The highest New York state court has ruled unanimously that a health insurance company may withhold payment of claims under the state's no-fault auto insurance law if the medical corporation that has received assignment from patients for payment is not legally constituted under state law.
The case of State Farm Mutual Automobile Insurance Co. v. Robert Mallela (M.D.) et al. was submitted to the New York Court of Appeals by the 2nd U.S. Circuit Court of Appeals.
According to facts in the case outlined in the eight-page decision Tuesday by the state appeals court, patients covered under New York's no-fault law frequently assign their claims to their providers rather than seek reimbursement directly from an insurance company. Also, New York law requires all owners of a professional corporation to be members of that profession and authorized to practice in the state, the court said.
State Farm originally filed a complaint in U.S. District Court for the Eastern District of New York asking the court to rule that it need not reimburse the defendants because they were fraudulently incorporated, according to court documents. State Farm alleged the unlicensed defendants paid physicians to use their names on paperwork filed with the state to establish medical service corporations, the state court opinion said.
The federal trial court dismissed State Farm's complaint, "holding that defendants' noncompliance with the licensing and incorporation statutes did not extinguish State Farm's duty to pay, so long as the actual providers acted within the scope of their licenses in rendering care."
State Farm persisted in its challenge and the federal appeals court asked the New York state appeals court to rule in a procedure called certification of a question, which was whether a fraudulently incorporated corporation is entitled to reimbursement under New York insurance law and its implementing regulations.
The state court ruled that it wasn't. The New York high court noted a regulation promulgated by the state insurance superintendent that allows insurers to withhold reimbursement from fraudulently licensed medical corporations, that the rule was crafted within the scope of the superintendent's authority and "has the force of law and represents the policy choice of the state."
The New York State Board for Professional Medical Conduct accepted the surrender of Mallela's medical license on Jan. 8. Mallela was facing 19 charges of professional misconduct, including fraudulent billing; working with nonphysicians to establish and run a professional medical corporation; and negligent and incompetent care of patients.
The suit, originally filed in 2000, names more than 50 business entities and 25 individuals.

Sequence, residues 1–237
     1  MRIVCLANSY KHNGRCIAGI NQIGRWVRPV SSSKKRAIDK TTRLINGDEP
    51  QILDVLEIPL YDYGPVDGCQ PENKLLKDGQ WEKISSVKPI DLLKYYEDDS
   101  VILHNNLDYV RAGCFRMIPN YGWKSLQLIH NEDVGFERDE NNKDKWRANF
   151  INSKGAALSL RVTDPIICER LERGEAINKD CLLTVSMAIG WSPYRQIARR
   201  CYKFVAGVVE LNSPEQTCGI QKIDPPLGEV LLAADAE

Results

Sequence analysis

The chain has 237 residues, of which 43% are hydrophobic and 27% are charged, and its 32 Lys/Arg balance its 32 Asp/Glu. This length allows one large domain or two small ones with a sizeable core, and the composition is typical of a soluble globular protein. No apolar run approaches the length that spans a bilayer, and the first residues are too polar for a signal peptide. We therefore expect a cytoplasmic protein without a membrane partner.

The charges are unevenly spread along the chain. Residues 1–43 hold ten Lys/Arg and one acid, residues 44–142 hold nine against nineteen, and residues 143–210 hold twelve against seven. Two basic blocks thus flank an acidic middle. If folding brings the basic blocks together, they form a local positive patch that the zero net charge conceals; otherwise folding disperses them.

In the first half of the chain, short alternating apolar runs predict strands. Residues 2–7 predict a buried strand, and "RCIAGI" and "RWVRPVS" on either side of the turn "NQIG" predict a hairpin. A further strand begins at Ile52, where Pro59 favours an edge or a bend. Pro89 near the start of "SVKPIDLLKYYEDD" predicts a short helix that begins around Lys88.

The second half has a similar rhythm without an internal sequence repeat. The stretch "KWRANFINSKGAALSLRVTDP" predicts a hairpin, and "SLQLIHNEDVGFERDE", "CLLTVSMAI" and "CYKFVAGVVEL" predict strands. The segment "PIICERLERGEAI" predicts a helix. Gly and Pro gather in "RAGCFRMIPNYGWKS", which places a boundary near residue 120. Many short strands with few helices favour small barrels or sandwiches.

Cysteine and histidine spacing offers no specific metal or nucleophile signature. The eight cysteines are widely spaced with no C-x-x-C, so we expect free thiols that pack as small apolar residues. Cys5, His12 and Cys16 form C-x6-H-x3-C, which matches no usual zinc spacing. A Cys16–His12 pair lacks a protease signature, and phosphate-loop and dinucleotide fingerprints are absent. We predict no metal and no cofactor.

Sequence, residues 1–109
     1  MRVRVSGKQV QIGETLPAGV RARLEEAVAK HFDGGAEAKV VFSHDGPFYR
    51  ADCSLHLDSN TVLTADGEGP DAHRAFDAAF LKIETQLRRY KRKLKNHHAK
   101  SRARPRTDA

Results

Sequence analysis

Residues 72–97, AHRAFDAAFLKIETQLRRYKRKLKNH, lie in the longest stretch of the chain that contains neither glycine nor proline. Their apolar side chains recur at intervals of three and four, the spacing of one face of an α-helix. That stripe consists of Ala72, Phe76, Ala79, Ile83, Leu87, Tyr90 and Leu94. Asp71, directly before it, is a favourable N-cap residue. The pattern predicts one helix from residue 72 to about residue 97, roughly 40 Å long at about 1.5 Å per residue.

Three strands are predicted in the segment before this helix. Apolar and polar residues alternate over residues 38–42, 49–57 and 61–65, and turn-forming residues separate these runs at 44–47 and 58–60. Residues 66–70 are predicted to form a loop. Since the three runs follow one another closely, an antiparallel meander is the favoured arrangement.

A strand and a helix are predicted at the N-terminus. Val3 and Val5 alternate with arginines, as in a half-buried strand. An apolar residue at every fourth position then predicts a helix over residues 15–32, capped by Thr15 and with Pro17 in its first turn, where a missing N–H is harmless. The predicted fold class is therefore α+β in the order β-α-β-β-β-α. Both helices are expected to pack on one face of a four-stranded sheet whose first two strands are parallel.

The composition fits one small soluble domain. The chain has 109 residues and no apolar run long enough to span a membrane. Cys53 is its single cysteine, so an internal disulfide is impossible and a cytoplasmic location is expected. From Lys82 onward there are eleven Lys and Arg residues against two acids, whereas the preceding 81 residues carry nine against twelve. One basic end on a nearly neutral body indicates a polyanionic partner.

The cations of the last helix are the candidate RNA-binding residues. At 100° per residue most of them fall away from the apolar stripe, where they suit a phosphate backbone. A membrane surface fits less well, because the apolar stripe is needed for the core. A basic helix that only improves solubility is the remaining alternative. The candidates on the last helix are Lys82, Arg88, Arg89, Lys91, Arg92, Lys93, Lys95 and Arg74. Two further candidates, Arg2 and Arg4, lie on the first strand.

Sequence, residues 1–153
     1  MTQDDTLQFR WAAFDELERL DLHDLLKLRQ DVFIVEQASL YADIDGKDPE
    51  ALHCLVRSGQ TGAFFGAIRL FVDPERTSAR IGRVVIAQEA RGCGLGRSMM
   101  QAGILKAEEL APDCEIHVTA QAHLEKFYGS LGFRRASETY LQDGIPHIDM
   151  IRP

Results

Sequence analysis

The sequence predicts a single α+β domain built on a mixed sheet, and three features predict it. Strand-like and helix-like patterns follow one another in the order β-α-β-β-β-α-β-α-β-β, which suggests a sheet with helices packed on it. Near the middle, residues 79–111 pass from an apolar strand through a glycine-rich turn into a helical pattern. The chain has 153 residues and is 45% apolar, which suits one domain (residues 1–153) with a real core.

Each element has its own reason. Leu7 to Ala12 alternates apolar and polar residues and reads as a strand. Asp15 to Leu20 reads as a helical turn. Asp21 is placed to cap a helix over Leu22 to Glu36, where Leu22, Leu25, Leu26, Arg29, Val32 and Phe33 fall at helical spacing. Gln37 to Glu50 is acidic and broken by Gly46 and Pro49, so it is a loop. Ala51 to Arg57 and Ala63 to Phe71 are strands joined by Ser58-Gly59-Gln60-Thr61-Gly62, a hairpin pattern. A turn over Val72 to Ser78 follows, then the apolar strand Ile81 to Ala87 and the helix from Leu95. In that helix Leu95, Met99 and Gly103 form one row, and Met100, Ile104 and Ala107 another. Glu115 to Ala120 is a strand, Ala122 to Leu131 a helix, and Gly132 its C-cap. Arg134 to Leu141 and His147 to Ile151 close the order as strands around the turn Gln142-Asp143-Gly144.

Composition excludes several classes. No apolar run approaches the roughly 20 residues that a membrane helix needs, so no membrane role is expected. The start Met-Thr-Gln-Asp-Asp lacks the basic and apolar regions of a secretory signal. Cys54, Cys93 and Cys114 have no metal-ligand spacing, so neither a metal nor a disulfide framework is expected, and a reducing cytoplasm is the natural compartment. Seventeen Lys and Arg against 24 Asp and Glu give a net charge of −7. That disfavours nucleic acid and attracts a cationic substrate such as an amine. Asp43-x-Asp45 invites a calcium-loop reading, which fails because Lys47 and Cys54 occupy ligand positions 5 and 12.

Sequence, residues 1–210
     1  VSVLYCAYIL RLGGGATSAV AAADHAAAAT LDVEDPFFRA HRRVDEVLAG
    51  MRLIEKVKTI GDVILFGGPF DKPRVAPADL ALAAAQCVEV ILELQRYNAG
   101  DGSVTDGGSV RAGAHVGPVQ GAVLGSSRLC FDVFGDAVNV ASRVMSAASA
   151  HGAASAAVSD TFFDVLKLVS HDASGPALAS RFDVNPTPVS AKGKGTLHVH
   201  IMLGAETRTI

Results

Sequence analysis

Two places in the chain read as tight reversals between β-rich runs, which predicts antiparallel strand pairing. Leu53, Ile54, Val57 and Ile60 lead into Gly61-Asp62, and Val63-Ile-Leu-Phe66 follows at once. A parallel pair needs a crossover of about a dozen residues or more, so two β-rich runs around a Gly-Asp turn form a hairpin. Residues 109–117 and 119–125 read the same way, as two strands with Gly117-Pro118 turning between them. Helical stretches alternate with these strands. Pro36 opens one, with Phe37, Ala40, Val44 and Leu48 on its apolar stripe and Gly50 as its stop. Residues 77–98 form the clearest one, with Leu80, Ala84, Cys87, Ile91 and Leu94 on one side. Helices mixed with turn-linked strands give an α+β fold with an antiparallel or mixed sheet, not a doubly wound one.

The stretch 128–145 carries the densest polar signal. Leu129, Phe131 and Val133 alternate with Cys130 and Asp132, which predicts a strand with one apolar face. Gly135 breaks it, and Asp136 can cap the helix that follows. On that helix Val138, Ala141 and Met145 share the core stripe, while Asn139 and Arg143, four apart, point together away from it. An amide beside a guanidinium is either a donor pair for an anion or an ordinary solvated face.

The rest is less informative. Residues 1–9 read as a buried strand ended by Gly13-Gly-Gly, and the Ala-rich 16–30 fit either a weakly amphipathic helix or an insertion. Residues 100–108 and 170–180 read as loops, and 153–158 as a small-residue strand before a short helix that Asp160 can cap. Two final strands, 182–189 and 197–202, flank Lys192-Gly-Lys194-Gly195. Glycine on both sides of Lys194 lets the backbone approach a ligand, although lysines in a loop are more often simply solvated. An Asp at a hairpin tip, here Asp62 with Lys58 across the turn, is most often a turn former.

According to Evan Krinick, attorney for State Farm, a partner in the Uniondale, N.Y., law firm of Rivkin Radler, the money at stake in the suit is "I believe, in excess of $6 million, but the total amount this issue touches is many multiples of that."
"No-fault fraud is epidemic in New York and the medical clinics are at the epicenter of that fraud," Krinick said. "In New York, every person is entitled to $50,000 in no-fault medical benefits. Multiply that by the number of accidents that could occur or you might stage and it's a multi-million industry."
Some of the accidents involved in fraud cases are real and some of the patients are truly injured and are referred to a network of fraudulent clinics by their attorneys, Krinick said. But many accidents are staged, he said, and many of the patients fake injuries in schemes that involve businessmen operating the clinics, lawyers, doctors, even chop-shop operators in what Krinick said was "the makings of a good Hollywood movie."
The case moves back to the federal appeals court, which likely will send return it to the federal trial court for a hearing on its merits, Krinick said. The insurer not only seeks to void the claims, but also is asking for damages against the defendants for unjust enrichment and fraud.
According to Francis Serbaroli, a lawyer with the New York law firm of Cadwalader, Wickersham & Taft, which represents seven other insurance companies that filed friend-of-the-court briefs in the case, the decision is a victory for the insurance industry attempting to combat fraud.
"The insurance department in New York estimates that fraud in the no-fault insurance activities is around $1 billion a year. The insurance commissioner recognized this problem and that's why he came out with this regulation in 2002. The court upheld the rule not only as constitutional, but it is a sufficient basis for an insurance company to deny payments."
Serbaroli said doctors participating in such schemes are typically not unwitting victims, but "bottom-of-the-barrel physicians" who may already have lost their ability to bill Medicare or Medicaid because of billing problems.
"When they have nothing left but their license, they'll sell it to the highest bidder and be the nominal owners of 20 or 30 corporations that they wouldn't have any role in overseeing," he said.